But, after all that, I find I can't really argue with it for value. I can, however, be astonished, that Lotus can't seem to figure out the weaknesses and fix them, because then no-one would even think about Exchange or rolling their own document management.

Aaron Lawrence
Saturday, August 31, 2002

I think Aaron really hit the nail on the head.  Of course, summing it up I like to say that Notes is "a really strange bird".  Learning to think like a real Notes developer is a tough skill, and that's the biggest down side to the product.  On the upside, nothing compares to its ability to create applications for workflow, security, and collaboration.  As a web development platform, I can make it do things in an hour that take J2EE and .ASP (or .NET) developers weeks or months.

BUT --  I have to admit for someone who doesn't know any of the technologies I mentioned above, but has a programming background, I'm not sure I could make the statement that Notes would be a faster way to get there (for a web application).  The learning curve is high, not for its inherent difficult -- in fact its really overly simple -- but for its strangeness in comparison to other products.

The Mail client's ugliness has long been touted, but did you know there is a browser based access to the very same mail file?  Know what you have to do to use it?  Nothing, just point to it.  It uses the same mail file.  That design (iNotes Web Access) has won all kinds of awards for its user interface.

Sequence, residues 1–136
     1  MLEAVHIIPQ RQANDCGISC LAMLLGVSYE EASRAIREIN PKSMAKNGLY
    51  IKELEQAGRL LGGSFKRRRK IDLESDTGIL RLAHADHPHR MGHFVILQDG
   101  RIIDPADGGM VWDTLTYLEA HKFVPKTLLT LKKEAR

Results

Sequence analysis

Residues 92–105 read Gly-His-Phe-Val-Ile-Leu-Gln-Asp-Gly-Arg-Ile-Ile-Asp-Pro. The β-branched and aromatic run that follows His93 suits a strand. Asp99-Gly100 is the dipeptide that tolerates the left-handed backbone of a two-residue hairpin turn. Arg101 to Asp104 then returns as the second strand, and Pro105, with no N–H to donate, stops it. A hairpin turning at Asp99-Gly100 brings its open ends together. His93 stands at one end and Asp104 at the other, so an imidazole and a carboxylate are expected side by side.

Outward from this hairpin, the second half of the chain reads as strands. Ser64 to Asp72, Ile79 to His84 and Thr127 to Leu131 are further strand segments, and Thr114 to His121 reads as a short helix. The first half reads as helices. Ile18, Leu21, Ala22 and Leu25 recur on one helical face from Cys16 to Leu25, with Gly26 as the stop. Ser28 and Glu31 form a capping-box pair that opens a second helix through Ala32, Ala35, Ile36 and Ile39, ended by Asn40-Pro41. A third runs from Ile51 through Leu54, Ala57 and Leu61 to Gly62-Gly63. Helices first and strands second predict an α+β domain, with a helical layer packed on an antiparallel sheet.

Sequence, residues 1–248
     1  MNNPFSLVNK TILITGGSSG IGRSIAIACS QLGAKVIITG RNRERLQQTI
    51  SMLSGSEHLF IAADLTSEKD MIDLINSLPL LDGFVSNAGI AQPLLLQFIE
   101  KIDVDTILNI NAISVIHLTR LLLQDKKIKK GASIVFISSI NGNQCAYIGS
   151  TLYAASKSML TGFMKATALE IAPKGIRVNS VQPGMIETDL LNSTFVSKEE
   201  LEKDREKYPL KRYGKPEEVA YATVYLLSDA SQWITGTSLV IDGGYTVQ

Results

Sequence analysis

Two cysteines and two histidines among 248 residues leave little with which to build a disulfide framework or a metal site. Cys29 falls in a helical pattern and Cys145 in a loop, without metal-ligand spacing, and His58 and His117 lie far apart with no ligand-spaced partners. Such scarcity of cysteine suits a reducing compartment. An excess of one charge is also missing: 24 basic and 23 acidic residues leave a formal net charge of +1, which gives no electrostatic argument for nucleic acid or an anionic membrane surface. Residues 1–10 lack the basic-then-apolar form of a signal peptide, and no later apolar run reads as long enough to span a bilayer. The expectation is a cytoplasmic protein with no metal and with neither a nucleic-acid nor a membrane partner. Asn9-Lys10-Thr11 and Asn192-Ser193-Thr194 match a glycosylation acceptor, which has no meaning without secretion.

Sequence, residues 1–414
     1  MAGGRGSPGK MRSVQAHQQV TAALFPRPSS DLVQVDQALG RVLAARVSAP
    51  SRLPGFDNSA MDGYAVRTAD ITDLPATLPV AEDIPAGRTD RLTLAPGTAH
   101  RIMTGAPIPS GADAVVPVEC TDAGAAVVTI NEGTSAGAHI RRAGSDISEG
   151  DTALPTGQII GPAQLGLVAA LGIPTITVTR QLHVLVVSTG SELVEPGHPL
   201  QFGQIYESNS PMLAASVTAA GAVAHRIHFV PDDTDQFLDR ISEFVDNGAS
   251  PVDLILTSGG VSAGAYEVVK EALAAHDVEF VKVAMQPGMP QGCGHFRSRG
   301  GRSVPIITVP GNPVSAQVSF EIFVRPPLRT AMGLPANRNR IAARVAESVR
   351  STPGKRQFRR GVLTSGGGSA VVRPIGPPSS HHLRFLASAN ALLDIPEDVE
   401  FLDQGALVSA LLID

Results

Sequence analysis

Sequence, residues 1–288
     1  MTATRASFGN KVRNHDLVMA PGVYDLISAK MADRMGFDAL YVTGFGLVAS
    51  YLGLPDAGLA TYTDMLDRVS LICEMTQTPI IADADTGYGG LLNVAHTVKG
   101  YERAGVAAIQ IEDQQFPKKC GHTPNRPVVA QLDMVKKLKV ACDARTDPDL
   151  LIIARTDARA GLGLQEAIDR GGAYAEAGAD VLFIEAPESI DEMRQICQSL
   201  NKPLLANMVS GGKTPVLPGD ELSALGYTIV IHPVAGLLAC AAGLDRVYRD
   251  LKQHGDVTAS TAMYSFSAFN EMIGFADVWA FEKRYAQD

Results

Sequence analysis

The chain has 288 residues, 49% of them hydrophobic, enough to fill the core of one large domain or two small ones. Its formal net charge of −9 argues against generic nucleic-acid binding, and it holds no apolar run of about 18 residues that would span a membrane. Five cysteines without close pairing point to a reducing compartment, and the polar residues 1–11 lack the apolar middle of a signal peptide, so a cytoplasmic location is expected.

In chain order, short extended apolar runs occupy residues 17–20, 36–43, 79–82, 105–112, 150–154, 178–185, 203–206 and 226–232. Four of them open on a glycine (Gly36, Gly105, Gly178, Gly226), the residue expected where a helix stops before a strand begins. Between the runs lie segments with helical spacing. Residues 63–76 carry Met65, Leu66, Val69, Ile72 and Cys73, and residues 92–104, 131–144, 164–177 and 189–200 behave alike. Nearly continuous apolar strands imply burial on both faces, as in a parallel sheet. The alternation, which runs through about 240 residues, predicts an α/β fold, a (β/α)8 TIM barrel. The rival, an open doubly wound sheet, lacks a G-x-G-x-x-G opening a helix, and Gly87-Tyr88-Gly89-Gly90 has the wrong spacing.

Using a full Notes client for mail only, is like using a tractor trailer to go shopping.  Its a waste of such a vast amount of power and capability, and makes the overhead seem like a waste.

Did you know, howerver, that the Domino server can serve that same mail to you if you have an Outlook client?  A web Client?  A Eudora (or other pop3, Imap, or http client)?  Do it that way, and you get this huge, rich, scaleable architecture for messaging, and quick, light, pretty clients.

The huge market share is simple:  It does more than any other product that is even remotely in its class, yet is vastly cheaper to run, install, manage, maintain, secure, and develop applications for.

by the way -- I make my living with it.  ;-)

Andrew Pollack
Saturday, August 31, 2002

btw: Sorry for the terrible grammar, spelling, and typos in the messages above -- I'm used to use a multi-platform rich text editing environment that provides a full set of editing features, even on the web.  ;-)

Andrew Pollack
Saturday, August 31, 2002

I'm a software developer for a consulting firm that uses Notes internally, so I get stuck with Notes projects along with applications built on .NET, legacy ASP, Access, Excel, and some industry proprietary platforms. I've seen some terrible platforms in my time, but Notes takes the cake and illustrates much more clearly than Groove the problem that Joel was trying to get across. As a platform:

- There is no useable API (i.e., COM interface, OLEDB data provider) for integrating Notes with other platforms. NotesSQL is the closest I can find so far to some sort of data bridge and is buggy and poorly executed.

- The script editor is terribly buggy and framed in to death. You can't use an external editor or IDE without copy/paste.

- There is no freely redistributable runtime.

- The UI is terrible, ugly, and slow. The properties dialog is constantly in the way and prevents switching between Designer and the Notes client. The built-in GUI widgets are non-standard, ugly, and some have little programmatic access (the Rich Text class is the worst of the bunch).

- It takes 15 lines of script in a LotusScript routine just to instantiate enough variables to access the current document, database, session, etc. Comare to VBA or ASP where many intrinsic objects are global and ready for use.

- The non-structured "bag o' properties" concept is useful, but RDBMS guys like me REALLY want to have ways of normalizing our data and joining it in views.